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ous disjuncture between the rhetoric of the possible he marketed and the irreversible facts he faces, with each one signaling its own form of irreversibility. This is why, at least for now, we can only read the process of an illness in snippets, reportage, the flux of contemporary symptoms. From todays perspective (January 2011, exactly one year after the following remarks were written), Obamacare has passed but remains a miasma: the signature victory has been demonized and defaced successfully, the trade-offs and lobbyist adjustments have done nothing to address its core issue (budgetary collapse), and the bill risks Republican defunding. This episode and palimpsest opens onto other logics that have yet to be played out. (January, 2011)1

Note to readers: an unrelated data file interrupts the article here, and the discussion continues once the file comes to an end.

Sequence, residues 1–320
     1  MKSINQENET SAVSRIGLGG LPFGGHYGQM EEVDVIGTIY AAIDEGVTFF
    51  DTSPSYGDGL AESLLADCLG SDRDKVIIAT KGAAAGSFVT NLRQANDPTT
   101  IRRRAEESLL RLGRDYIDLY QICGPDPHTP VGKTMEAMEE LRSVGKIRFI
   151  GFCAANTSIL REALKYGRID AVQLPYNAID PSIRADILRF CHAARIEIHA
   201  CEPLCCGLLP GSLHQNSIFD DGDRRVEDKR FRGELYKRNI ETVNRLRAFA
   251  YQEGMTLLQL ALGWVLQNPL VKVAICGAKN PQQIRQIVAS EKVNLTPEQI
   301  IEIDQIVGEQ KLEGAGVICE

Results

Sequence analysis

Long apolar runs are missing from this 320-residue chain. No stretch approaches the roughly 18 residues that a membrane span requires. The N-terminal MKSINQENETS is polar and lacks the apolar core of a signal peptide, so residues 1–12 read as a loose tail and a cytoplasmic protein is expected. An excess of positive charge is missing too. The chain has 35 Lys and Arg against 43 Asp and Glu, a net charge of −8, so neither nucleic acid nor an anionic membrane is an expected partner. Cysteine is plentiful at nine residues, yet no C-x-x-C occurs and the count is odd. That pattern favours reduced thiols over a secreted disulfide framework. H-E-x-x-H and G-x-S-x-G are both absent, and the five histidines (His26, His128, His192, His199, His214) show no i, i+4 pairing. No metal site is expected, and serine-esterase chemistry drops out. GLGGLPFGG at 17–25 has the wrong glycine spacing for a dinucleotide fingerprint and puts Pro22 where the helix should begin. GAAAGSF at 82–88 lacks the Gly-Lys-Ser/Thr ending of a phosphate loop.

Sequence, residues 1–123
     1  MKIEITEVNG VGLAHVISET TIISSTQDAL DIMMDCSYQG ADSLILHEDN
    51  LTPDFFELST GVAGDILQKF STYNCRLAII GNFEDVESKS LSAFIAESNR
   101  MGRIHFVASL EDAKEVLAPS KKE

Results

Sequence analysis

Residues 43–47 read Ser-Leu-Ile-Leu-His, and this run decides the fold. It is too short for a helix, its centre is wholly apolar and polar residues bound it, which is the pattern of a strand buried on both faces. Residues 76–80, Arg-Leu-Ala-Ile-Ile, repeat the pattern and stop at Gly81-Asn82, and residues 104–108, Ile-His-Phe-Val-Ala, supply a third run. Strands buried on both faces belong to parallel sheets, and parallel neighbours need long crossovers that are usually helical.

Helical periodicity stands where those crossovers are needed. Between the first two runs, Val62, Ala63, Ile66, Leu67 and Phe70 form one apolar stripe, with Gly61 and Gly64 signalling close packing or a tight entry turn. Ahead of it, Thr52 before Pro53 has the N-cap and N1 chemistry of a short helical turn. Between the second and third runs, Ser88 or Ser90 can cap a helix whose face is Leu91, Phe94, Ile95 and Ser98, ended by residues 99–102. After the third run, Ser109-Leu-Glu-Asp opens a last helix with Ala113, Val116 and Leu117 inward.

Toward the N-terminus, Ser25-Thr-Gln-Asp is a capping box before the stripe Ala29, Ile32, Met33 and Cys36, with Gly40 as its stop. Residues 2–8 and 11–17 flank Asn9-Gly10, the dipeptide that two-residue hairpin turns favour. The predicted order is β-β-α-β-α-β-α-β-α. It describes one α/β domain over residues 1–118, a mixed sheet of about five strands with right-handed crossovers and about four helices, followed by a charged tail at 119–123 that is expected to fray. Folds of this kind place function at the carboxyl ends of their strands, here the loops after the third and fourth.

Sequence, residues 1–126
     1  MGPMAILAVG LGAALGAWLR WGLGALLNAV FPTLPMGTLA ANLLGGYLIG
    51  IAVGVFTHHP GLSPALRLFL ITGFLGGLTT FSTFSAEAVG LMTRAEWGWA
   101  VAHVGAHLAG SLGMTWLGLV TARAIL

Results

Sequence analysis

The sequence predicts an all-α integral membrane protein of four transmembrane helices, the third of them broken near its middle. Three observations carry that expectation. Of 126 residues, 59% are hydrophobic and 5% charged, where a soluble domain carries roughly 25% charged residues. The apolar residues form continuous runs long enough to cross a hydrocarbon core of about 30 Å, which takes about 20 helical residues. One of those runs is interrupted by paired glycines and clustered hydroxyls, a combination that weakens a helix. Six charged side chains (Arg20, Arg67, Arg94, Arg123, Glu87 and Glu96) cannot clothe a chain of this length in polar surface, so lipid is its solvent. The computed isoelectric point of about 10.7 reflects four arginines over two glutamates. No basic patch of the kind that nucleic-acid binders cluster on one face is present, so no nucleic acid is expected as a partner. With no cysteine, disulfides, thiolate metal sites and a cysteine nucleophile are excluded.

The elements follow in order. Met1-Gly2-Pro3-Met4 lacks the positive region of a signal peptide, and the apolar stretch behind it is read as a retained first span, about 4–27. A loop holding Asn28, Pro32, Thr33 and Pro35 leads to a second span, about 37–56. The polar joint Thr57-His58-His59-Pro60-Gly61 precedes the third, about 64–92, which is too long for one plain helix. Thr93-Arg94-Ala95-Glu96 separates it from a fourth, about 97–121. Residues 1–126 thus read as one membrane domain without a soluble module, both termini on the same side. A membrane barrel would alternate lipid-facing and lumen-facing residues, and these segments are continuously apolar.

As we write [ January 2010], the monstrous compromise that recently has emerged as the signature of health care reform in the United States is still tortuously winding its way through Congress, even as its fate remains uncertain. Having moved from great expectations to a motley mix of payoffs and paybacks, the reform effort was struck another body blow in January with the election of Scott Brown to fill Ted Kennedys senatorial seat in Massachusetts, depriving the democrats of their filibusterproof majority. This surprise Republican victory left many predicting that the whole reform effort is dead in the water, or that it will be cut down even further. Given that the health care and insurance industries have had their way, first through their hold on key senators, then through this electoral upset, it is well worth adding the event that makes the future here perfectly clear: the recent Supreme Court decision to regard corporations as persons and to remove all restrictions on monies flowing into campaigns in the name of freedom of speech. This decision will only facilitate and reinforce the lobbying efforts that have corrupted and crippled the entire health care debate. Against this background, however, we at least would like to offer a still-to-be-finished symptomatology of some of these developments in a dossier for future readers under the title stories from a zombie democracy, from, that is, a democracy that increasingly has handed over its agency to the telecratic tentacles of capital in general. In particular, we wish to delineate the symptoms represented and embodied not only in the rhetorical strategies that have formed the